The pheasant meat is procured from a farm in this district, so it can be eaten all year round, but wild boar is a seasonal specialty available only at this time of the year. The fresh and attractive meat does not harden even when cooked in the pot. It went well with the miso soup, and once we started eating, we just couldn’t put our chopsticks down. The wild boar hot pot has plenty of vegetables as well, so it is a very well-balanced meal.

In their questionnaire replies, the student monitors gave a sense of their full stomachs and hearty satisfaction with such comments as “I was really full,” “The word ‘delicious’ just doesn’t do justice to the meal,” and “I felt hospitality in this slightly luxurious and unusual meal.”

Unagi Ishikawa: Eel on Rice

When you think of food in the vicinity of Lake Hamana, probably the first thing that springs to mind is eels. As the saying goes, you can’t visit Okuhamanako without eating eels. So on the final day of the monitor tour, we had lunch at an eel restaurant.

The method of preparing eels at Unagi Ishikawa, a well-known restaurant in Inasa-cho, Okuhamanako, is unique. Generally speaking, there are two ways of preparing eels: the Kanto style and the Kansai style. In the Kanto region, the eel is cut open, grilled, and then steamed to make it soft. In the Kansai region, there is no steaming. But that is not the only difference. The owner of Unagi Ishikawa told us that while the eel is cut open from the back in the Kanto style, in the Kansai style it is cut open from the belly.

     Unagi Ishikawa mixes the two styles, cutting open the eel from the back but not steaming it after grilling. While the Kanto style, though time-consuming, produces a beautiful grilled fillet, the Kansai style gives a fatty and fragrant taste. The sauce is quite different from that served in Tokyo as well. According to the owner, since the non-steamed eel itself is fatty and sweetish, a plain and salty sauce is used. We thoroughly enjoyed the taste, which is quite unique to this district and this restaurant.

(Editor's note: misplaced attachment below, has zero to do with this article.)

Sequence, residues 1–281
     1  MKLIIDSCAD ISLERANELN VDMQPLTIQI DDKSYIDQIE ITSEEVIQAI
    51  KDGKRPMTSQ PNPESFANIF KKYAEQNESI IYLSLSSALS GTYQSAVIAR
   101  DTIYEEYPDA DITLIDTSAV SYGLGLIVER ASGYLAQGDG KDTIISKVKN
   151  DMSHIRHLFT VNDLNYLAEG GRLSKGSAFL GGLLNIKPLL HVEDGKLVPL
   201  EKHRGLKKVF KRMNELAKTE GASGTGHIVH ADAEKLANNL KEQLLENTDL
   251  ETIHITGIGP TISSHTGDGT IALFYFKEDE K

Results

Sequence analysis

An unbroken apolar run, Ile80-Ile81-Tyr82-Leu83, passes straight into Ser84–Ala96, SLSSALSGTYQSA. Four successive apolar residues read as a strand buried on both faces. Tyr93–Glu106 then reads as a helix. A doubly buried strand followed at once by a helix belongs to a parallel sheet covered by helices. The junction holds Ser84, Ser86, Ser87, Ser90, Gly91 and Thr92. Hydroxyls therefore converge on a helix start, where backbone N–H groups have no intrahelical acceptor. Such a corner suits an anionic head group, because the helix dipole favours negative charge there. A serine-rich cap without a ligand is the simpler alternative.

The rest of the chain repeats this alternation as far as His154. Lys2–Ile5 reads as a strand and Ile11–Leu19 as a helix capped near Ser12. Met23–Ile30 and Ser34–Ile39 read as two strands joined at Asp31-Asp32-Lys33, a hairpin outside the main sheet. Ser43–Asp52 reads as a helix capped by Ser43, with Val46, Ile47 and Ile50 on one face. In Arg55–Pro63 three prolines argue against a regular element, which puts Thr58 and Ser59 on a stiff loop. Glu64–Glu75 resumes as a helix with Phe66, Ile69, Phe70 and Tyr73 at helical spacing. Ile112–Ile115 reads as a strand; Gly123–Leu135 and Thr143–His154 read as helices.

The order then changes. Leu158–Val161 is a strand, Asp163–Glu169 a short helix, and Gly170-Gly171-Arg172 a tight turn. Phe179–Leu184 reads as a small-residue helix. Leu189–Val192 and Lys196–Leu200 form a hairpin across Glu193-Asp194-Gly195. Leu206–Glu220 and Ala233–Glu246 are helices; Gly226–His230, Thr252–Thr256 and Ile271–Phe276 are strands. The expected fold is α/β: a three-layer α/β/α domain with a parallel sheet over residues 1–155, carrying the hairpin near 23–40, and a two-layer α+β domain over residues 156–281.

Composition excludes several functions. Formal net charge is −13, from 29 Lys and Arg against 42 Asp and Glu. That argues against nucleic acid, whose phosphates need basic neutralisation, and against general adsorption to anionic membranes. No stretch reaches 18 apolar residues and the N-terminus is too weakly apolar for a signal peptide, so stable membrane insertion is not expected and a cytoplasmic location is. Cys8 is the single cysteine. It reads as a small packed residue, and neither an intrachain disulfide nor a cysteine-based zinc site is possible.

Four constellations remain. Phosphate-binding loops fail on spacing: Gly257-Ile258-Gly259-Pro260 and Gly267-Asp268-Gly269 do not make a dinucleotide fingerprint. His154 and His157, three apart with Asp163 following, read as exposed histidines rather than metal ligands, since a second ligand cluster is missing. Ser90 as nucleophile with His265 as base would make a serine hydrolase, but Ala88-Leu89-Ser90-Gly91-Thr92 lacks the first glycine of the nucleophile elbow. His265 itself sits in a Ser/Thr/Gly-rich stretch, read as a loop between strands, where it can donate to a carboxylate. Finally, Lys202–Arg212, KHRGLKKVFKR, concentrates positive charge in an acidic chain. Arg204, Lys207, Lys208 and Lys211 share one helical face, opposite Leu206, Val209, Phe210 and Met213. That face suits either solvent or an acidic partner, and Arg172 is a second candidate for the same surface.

To digress a little, I later did some investigating and came across the popular explanation that people in the Kanto region cut open eels from the back because the samurai of Edo (present-day Tokyo) didn’t like the idea of thrusting a knife into the belly. A more practical reason, according to Wikipedia, is that because the eel is steamed in the Kanto region, if it were cut open from the belly, the outer meat would be so thin that it would drop off the skewer. Personally, I find the popular explanation more interesting . . .

     The student monitors’ comments in the questionnaire and on the TripAdvisor website included the following: “It was a superb lunch to wrap up the monitor tour!” “The meal was simply cooked to perfection!” “It was super flavorful, mouth-watering, and incredibly rich!” “Hands down one of the best eels I’ve ever eaten!” And “Even after a week, I can’t forget the taste!” Obviously the students loved their eels.

 As well as the marvelous lunches described above, the monitor tour students had plenty of other chances to taste the district’s wide range of popular food products, including Japanese confectionery at Irikawa-ya, a shop with a 120-year history; honey products at Nagasaka Apiary; sweet and juicy mandarin oranges at the Marukei mikan farm; soft ice cream made from fresh milk at Tateiwa Dairy Farm; large anmaki cakes (sweet bean paste wrapped in pancake) at Nozawa Seika and Edo abura-age (thin deep-fried slices of tofu) at Nakao Shoten on the approach to Hokoji temple; and, last but not least, the gelato on sale at a shop at Ryugashido Cavern, which was chosen by Shizuoka Prefecture bus guides as the best ice cream in the prefecture. The tour was a wonderful opportunity for the students to learn about the immense attractions of Japan’s rich food culture.